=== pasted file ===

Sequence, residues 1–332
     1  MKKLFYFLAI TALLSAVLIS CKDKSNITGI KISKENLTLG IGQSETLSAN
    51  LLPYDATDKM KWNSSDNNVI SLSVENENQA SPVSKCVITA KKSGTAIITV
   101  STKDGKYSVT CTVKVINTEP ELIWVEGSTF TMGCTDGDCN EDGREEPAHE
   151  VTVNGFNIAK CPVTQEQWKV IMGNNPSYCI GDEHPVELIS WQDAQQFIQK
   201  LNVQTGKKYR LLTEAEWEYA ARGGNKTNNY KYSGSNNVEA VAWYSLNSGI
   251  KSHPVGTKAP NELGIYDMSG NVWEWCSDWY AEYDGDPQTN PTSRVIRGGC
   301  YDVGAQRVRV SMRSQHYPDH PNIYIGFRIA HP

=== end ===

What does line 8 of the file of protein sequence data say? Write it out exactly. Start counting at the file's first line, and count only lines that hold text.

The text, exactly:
   301  YDVGAQRVRV SMRSQHYPDH PNIYIGFRIA HP